Recent years have seen the sorts of shifts in life and lifestyle which science fiction writers of the past would have been simultaneously happy to have predicted and potentially surprised to see come to fruition. In 1930, Bob Brown wrote ‘The Readies’, predicting the production of a portable reading machine, within which abbreviated text would replace the long form writing of the day and more recently, in 1995, Neal Stephenson wrote about ebooks in his novel ‘The Diamond Age’, well before the release and sale of the Sony Libre in 2004 and the renowned Kindle in November 2007.
The increasing interest in gadgets, apps and services able to take the reality of life out of the physical and into the online realm has soared in the past decade. The format of the written word is a classic example and even barometer of this cultural shift. From book to e-reader to app., writing has mutated and iterated, reducing in size until entire libraries can be stored on a tiny SD card and accessed at a swipe on the mobile phone most people carry with them, umbilically linked.
However, the wind and sway of culture is an intemperate beast. At one moment in 2018 the epitaphs and In Memoriam speeches for the independent book sellers, newspapers and publishers were being readied. The next, the statistics were showing a slump in ebook sales and growth for the tangible tome. Observer columnist, Joshua Fruhlinger, called it “one of the greatest ironies in the history of literal literary irony, it seems that the death of the bookstore is exactly what’s bringing it back.”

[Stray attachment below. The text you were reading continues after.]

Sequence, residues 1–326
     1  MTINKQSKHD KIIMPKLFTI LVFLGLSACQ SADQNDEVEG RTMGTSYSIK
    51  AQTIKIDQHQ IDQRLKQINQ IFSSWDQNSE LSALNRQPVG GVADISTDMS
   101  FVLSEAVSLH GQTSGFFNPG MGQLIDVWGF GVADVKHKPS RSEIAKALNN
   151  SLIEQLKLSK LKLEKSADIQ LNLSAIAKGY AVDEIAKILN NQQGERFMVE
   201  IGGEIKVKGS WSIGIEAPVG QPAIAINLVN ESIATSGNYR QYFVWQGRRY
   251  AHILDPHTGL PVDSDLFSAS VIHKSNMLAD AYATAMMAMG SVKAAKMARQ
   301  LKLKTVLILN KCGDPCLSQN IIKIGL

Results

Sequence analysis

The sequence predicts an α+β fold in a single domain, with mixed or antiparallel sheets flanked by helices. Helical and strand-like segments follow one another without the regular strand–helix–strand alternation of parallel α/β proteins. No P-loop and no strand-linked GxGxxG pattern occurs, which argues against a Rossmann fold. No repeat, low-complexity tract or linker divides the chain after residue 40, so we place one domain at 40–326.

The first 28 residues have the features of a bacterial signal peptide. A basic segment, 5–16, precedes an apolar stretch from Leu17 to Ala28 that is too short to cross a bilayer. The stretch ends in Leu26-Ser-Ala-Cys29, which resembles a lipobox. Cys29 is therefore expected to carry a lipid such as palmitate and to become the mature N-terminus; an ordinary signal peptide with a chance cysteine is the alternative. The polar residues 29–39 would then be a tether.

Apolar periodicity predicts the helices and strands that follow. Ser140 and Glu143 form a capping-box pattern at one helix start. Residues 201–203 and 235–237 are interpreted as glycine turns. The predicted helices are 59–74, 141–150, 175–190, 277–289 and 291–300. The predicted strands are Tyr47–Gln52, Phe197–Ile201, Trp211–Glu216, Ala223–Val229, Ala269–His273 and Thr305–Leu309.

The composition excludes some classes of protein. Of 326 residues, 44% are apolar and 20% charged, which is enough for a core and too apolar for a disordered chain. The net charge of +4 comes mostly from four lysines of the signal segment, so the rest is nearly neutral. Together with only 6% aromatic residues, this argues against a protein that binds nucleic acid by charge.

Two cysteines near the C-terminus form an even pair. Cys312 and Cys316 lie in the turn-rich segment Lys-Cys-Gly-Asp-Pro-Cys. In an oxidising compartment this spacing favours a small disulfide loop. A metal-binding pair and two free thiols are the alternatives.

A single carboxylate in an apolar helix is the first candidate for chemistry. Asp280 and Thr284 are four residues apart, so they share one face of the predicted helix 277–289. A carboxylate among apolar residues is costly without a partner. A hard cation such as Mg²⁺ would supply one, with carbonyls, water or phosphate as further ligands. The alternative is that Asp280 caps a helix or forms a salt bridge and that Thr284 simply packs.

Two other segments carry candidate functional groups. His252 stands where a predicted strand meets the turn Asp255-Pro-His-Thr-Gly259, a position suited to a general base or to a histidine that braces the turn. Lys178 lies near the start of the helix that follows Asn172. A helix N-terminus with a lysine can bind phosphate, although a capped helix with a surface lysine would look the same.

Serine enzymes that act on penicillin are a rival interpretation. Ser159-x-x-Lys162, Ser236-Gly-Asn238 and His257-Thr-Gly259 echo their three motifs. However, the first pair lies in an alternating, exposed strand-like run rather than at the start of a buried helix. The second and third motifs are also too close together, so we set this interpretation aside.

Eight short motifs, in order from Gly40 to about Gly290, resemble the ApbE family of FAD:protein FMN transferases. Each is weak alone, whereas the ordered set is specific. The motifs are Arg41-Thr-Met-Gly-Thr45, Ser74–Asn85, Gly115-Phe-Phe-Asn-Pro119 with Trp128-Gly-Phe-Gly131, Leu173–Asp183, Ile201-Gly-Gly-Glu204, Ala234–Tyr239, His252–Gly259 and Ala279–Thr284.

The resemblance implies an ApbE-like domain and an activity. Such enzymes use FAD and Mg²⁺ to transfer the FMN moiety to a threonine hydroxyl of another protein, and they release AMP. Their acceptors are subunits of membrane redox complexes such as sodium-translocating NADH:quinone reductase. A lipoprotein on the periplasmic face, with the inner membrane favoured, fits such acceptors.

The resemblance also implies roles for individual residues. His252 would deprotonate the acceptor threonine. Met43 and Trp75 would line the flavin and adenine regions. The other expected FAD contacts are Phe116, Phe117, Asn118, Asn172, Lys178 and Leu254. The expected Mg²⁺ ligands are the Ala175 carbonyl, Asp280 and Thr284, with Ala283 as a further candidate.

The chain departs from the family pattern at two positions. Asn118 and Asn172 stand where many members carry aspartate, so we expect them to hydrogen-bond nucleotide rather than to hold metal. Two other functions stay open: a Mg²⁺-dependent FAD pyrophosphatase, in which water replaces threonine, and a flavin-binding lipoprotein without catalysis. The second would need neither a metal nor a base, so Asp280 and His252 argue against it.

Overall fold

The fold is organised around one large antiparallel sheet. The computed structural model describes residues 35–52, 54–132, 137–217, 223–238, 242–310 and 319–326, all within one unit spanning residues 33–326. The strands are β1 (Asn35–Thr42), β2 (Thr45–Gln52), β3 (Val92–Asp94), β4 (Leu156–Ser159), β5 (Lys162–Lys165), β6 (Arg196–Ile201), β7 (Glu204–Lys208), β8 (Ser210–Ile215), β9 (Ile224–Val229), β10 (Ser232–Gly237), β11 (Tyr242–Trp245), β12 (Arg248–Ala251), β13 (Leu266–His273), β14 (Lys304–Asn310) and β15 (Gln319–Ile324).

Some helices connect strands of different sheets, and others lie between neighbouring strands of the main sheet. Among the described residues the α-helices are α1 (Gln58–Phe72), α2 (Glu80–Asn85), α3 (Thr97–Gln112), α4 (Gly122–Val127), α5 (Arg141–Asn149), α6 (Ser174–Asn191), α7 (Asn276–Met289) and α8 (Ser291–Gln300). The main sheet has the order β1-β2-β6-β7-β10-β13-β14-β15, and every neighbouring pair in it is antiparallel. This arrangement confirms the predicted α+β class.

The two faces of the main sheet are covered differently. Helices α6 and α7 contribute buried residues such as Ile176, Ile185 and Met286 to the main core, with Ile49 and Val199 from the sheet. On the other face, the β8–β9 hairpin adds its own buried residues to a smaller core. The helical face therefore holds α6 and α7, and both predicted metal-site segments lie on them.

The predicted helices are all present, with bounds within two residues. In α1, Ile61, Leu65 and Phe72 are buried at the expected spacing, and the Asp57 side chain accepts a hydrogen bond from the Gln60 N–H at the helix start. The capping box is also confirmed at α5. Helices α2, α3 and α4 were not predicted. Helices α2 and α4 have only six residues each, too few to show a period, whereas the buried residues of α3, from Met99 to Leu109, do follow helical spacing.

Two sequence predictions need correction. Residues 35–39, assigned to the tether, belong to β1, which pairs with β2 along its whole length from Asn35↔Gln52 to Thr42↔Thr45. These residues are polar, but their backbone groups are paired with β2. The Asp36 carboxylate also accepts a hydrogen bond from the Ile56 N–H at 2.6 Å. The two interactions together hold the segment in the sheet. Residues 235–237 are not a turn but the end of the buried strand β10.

The war is constantly being waged over what makes reading intrinsically enjoyable, and the shifting proponents of convenience, artistry, tactile and/or visual stimulation, and portability may at one moment meet an individual’s needs one way and then the next sway another.
Since the start of the Covid-19 pandemic there is a new concern. Pressing questions surround whether it will herald a new phase in this digital war, as those on the ground will change their views to consider issues of ‘hygiene’ and the concept of removal of the ‘dirty’ physical from as much of their lives as possible. Will the hard copy book swing out of favour again as a potential harbinger of germs, viruses, and other unmentionable nastiness, and will the eminently more wipe-clean ebook or ‘phone app take up the mantle again?
The best place to look for answers is not necessarily in the statistics of the publishing houses, the articles in Times Literary Supplement or the lists of the New York Best Sellers. Rather, it is in the books themselves, as they become written and published in the midst of the social and cultural upheaval that follows such a global catastrophe. Perhaps a revolutionary new product will emerge. For now, though, there only one certainty: that the written word will continue to delight in all three formats simply because there is no way (yet) to meet all our intellectual and sensory needs simultaneously. The book/e-reader/app is dead. Long live the book/e-reader/app.
The Diamond Age (wiki): https://en.wikipedia.org/wiki/The_Diamond_Age
Ebook Sales Decline article (Observer): https://observer.com/2018/11/ebook-sales-decline-independent-bookstores/